Meet Linda Miller Nicholson, an award-winning food writer and blogger from Seattle. I first met Linda a few years ago after she invited everyone attending a Seattle food conference to go to a pre-conference party at her house. The delightful evening that followed allowed me to get to know the unique woman that Linda is: open, generous, eccentric, creative and incredibly funny. She’s an adventurous cook and, never afraid to try new techniques and apply them to home cooking, she’s quickly become a reference in modernist cuisine. She’s been published in an impressive list of national publications, and her persona and sense of style make her perfect for TV too. She is currently transitioning from city to country living, and her stories about this big change are something you won’t want to miss. Here’s Budapest, Hungary, in her own words.
My Edible City
Budapest. When Marie asked me to contribute to her Edible Cities feature, my heart immediately leapt to Torino, Italy where I spent several of the best years a wine-food-fashion-phile could ever hope to spend. But then, you all already know that Piedmont, Italy is the culinary capitol of the world, what with the Alba white truffle, the Nebbiolo grape, and tajarin that would make your grandmother hipcheck a hockey player just to get a taste of.
My next thought was Paris, a city that is dear to my heart. My husband proposed to me there, but not in the way you might imagine. Suffice it to say that hardly a girl alive exists who wouldn’t say yes to a man who had pulled enough strings to close down the flagship Louboutin store at the height of the afternoon so that he could work in cahoots with the shop boy to slip a ring into a very special box of stilettos. Christian even provided the champagne right there in the store once I’d said yes- it’s still one of my best memories. But Paris is a city we all know and love, and so I wanted to venture beyond her Laduree-lined streets to somewhere a little less-known.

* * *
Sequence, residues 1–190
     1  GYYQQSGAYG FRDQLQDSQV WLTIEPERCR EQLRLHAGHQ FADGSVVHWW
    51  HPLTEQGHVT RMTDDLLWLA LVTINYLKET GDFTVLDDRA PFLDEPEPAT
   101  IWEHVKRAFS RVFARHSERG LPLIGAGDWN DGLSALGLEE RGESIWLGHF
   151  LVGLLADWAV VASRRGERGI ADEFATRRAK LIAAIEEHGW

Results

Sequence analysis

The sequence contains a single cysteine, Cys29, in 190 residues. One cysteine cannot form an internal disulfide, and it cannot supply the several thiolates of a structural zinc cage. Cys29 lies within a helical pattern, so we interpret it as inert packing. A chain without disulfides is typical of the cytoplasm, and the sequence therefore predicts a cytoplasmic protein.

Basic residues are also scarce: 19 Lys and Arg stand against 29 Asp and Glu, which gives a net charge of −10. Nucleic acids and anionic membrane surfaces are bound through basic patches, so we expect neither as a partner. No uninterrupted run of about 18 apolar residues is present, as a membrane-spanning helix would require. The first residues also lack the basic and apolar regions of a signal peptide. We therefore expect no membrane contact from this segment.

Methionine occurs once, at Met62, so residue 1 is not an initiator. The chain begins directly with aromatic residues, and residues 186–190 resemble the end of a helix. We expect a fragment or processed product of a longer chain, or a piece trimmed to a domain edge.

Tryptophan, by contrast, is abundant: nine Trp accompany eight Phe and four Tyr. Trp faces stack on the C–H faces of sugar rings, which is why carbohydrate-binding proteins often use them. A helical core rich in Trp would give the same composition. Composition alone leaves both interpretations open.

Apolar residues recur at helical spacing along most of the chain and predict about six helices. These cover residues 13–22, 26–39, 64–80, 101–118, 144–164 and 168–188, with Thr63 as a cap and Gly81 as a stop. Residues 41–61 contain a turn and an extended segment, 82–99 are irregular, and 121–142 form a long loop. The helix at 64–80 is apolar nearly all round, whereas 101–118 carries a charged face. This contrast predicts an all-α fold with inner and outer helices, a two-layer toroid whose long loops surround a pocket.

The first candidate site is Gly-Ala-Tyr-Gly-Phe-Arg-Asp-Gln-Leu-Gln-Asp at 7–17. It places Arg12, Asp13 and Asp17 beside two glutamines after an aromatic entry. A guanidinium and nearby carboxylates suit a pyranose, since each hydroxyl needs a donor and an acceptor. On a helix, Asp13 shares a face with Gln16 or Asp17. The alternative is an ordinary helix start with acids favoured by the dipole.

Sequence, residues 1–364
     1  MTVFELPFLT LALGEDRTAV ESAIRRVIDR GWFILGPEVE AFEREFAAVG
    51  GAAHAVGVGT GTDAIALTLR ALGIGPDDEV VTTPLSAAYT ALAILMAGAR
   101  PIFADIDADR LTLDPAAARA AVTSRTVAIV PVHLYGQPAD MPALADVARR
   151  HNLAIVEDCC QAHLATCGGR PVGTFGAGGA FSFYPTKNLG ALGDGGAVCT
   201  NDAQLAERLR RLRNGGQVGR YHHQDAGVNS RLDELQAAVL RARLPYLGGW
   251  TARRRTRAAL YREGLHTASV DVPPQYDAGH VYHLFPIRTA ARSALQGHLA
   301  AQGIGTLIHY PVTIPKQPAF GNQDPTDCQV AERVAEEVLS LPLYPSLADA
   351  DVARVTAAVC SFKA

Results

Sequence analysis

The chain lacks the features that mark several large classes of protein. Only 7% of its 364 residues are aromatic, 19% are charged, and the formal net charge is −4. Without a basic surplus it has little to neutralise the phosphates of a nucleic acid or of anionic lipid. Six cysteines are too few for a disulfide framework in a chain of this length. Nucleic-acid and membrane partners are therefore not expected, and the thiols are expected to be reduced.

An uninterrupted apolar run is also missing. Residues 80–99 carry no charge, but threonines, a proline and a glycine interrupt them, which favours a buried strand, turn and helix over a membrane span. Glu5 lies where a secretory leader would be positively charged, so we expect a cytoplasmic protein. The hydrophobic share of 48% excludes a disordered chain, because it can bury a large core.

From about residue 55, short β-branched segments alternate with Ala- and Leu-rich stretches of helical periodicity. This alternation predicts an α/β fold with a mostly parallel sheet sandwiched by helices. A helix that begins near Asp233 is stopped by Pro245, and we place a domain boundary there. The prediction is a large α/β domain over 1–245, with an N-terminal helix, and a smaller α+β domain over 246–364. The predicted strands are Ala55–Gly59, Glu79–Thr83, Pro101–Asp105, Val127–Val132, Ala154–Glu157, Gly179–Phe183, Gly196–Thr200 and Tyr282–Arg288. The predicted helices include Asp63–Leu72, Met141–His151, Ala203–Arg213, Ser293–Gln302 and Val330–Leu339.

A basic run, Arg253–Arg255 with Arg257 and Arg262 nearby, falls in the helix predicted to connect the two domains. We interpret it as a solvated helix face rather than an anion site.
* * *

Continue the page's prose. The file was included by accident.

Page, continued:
Budapest is a city that is often undeservedly-overlooked on European culinary tours. Well, two cities really, because Buda and Pest (which unified in 1873) are divided by the Danube River. Hotel Gellert, which is tucked just inside Buda yet a short jaunt across the Liberty Bridge to Pest, home to a bustling market and thriving downtown, is THE place to stay in the city. Hotel Gellert is the site of the most famous bathhouse in all of Europe, and the hot springs water that feeds the hotel and baths/spa is as near to the fountain of youth as anything I’ve ever experienced.
The city itself is an architectural feast for the eyes, with more than enough culture to make you feel smart just walking around, never mind the many monument and museum tours. But at the end of the day, when baroque visions have escaped my mind and I’m left to daydream over what makes a city enchanting, I always long for food. Hungarians are beyond friendly, eager to help, and willing to share. Learn to say cheers in Hungarian (egészségedre, which took me the better part of an evening in a lively pub to master) and you’ll make fast friends in any bar, café, or restaurant. While it may be trite to order nokedli, the Hungarian version of spaetzle, in Budapest rather than opting for something more adventurous, the same could be said about ordering trofie in Liguria. Besides, sucking the milk straight from the cow’s teat, so to speak, inevitably yields superior milk. Or nokedli, in this case.
My Favorite Dish
Nokedli. Nokedli’s most traditional accompaniment is Paprikas Csirke or Chicken Paprikash. Composed of the simplest ingredients, whole chicken, stock, sour cream, paprika, and onions, every Hungarian restaurant and household manages to prepare it just slightly differently. If Tacos al Pastor are my litmus in Mexico, Paprikas Csirke with Nokedli is it in Budapest. The nokedli dumplings, although by nature irregularly-shaped, even tend to vary depending who is making them, and there are a host of nokedli-making tools used to make them, each with differently-sized holes. My favorite looks like a box grater, and you simply pour the batter through the top, working it through the holes with an implement that slides back and forth.
After I have my fill of nokedli, I always follow it with a healthy pour of tokaji, which is a sweet Hungarian wine similar to muscat. While tokajis exist in other parts of the world, the finest labels stay within Hungary and are really something special as far as dessert wines go.
On my list of Edible Cities, Budapest is at the very top, albeit with a focus on comfort fare rather than haute cuisine. Now after all this reminiscence, you’ll have to excuse me, I’m off to search plane fares for my next Hungarian vacation.
- 36 Hours in Budapest, a New York Times guide to the city
- The National Geographic City Guide to Budapest
- 10 Reasons to Try Hungarian Food
- A recipe to make Chicken Paprikash with Nokedli from No Recipes, and another one from Saveur Magazine
Next Week on Edible Cities
Next week, Eleonora Baldwin, a food writer, blogger and culinary tour guide living in Rome, is taking us to Positano, Italy. Don’t miss it!